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I have headed this column with a bug-eyed monster looming out of the darkness...but do not worry - he is still in there trying to load a 72-exposure roll of film onto a stainless steel reel, and I don't expect him to be out for an hour.
Modern digital workers miss out on a lot of fun. Well, not fun exactly...let's call it character-building experiences. These were sometimes delivered while shooting with roll film and invariably so when using sheet film. Then they were reinforced when the exposed film was taken into the darkroom and developed. Those who survived the experience sometimes went on to printing the resultant negatives or state prison. You had a choice, and some people took a long time to make up their minds...
The first terror of the darkroom was the light leak. You were warned about these and told to sit in the sealed chamber for five minutes to let your eyes become sensitive - then you were to go hunting light leaks. Presumably you stopped them up with black putty or wooden wedges or something proprietary and expensive. In reality you plugged them up with a wet towel or your foot and carried on. Even motel bathrooms could be made into light-tight developing chambers with all the chemistry and odours that you would inevitably make. It was wise to pay your bill the night before and clear out fast in the morning. Also never go back there again.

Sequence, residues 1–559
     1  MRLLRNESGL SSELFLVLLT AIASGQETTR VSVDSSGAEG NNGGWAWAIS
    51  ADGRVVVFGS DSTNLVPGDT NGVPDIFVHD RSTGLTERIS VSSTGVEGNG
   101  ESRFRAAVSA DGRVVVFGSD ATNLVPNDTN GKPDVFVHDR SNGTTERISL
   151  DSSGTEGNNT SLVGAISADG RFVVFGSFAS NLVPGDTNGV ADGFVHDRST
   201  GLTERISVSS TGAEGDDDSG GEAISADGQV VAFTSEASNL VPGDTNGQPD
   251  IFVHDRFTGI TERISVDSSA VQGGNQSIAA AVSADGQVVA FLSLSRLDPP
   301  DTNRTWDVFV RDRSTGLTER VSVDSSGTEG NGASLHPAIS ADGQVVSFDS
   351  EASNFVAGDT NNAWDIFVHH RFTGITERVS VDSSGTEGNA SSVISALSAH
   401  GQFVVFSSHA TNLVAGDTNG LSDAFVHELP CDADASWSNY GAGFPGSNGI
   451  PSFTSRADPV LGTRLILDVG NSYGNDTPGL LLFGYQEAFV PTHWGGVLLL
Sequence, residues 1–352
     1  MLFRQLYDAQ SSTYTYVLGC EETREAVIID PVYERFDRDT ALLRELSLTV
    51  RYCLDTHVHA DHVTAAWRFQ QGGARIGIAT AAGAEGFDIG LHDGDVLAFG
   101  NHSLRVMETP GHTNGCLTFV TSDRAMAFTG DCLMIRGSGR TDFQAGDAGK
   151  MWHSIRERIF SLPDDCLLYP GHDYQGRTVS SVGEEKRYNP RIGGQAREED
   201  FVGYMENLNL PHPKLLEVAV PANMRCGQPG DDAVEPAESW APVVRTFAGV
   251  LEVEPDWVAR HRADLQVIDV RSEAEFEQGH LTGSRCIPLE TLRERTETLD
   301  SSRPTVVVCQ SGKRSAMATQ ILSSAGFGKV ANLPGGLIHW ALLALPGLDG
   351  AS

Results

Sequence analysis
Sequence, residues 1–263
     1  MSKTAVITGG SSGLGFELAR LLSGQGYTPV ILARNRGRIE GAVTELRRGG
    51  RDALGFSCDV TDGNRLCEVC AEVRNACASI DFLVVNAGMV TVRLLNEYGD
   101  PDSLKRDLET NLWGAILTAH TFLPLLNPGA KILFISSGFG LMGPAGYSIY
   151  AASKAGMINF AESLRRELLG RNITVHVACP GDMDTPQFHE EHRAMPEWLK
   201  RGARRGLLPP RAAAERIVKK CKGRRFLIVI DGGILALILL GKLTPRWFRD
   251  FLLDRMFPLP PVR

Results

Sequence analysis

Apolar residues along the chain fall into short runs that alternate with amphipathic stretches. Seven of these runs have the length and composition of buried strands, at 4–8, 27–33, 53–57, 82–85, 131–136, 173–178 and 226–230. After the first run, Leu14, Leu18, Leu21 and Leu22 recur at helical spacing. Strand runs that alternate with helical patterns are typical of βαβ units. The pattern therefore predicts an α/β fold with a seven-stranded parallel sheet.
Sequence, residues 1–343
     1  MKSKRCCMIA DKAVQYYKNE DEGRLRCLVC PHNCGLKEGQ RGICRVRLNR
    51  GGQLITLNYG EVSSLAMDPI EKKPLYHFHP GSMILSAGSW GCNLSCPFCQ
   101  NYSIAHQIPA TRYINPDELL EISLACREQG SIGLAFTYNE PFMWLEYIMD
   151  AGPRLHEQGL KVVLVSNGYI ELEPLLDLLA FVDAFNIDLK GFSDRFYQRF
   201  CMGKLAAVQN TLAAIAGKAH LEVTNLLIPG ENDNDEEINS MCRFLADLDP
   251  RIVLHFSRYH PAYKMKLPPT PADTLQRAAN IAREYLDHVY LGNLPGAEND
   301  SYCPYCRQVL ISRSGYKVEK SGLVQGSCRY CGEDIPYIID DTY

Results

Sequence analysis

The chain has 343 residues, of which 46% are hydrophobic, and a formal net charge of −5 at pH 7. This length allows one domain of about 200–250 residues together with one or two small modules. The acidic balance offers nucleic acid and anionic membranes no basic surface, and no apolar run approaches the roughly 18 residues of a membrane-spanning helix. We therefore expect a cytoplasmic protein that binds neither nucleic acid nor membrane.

In reality, darkrooms were design far before they were construction, and you could buy volumes of plans for them. A very great deal of the establishment in there could be of your own construction, and plywood, epoxy paint, and slightly illegal wiring was the order of the day. Big commercial darkrooms could indeed be big, dark rooms, with vast troughs and vents, drying racks, and very complex safe lights. Home darkrooms were a bathroom or laundry fortified against the rest of the family for a couple of hours. Really fortunate amateurs got to plumb and wire a shed or spare room and this could be a surprisingly professional workspace.
The safelight was what made the darkroom into a temple of science. Of course with panchromatic films you couldn't use one...you fumbled in the dark. But later when you were printing you could grope in dim red or orange light. With a little science and the right bulbs, a monochrome printing setup could be surprisingly bright, and you felt better doing long printing sessions.
When colour printing came in, the lights went out again...until the specialised Kaiser and Duka lights were thought up. These put out an orange sodium vapour-like light that matched a dip in the sensitivity of colour paper. Not as bright as the monochrome safelights, but you no longer needed to injure yourself on the edge of the bench.